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Much better CVD risk in children who cycle to school

Research published in the Journal of Physical Active Health found a consistent pattern whereby children who cycle to school are much less likely to develop cardio-vascular disease than their peers who travel by other modes of transport.

The authors also found much better CVD risk in children who changed to cycling from other modes during the period of research. They say "participants who did not cycle to school at baseline and who had changed to cycling at follow up, were fitter, had better cholesterol/HDL ratio, better glucose metabolism, and a lower composite CVD risk factor score than those who did not cycle at either time point".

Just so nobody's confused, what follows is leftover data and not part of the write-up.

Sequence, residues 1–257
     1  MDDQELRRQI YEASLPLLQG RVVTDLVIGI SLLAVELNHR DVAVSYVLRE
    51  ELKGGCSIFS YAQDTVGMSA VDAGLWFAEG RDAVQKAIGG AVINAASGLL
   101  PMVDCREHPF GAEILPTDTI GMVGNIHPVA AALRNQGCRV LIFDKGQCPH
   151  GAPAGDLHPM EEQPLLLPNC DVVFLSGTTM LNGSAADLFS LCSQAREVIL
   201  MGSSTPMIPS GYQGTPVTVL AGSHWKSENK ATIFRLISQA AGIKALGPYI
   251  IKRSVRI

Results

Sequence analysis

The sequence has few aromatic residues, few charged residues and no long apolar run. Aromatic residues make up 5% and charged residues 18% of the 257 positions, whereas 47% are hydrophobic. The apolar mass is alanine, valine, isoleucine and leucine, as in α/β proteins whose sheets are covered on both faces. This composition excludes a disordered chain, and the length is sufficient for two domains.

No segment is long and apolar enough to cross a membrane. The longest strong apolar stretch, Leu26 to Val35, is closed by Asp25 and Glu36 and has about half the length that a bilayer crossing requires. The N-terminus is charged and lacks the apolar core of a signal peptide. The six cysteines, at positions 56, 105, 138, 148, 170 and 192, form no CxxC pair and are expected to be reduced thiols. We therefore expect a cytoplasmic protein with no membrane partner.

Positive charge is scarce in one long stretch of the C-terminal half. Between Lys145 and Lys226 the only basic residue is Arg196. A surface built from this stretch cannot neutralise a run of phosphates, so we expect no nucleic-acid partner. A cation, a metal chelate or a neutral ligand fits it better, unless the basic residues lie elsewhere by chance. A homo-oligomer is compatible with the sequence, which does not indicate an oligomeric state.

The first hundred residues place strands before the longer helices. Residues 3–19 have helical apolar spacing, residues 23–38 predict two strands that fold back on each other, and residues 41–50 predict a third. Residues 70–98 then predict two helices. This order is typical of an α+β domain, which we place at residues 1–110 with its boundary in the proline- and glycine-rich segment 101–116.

Clearly anything that encourages children to cycle to school is in their best interests. Conversely, anything that discourages this (such as pressure or laws to require helmet wearing) can lead to much greater risk of CVD.

Tue 24 Jan 2012

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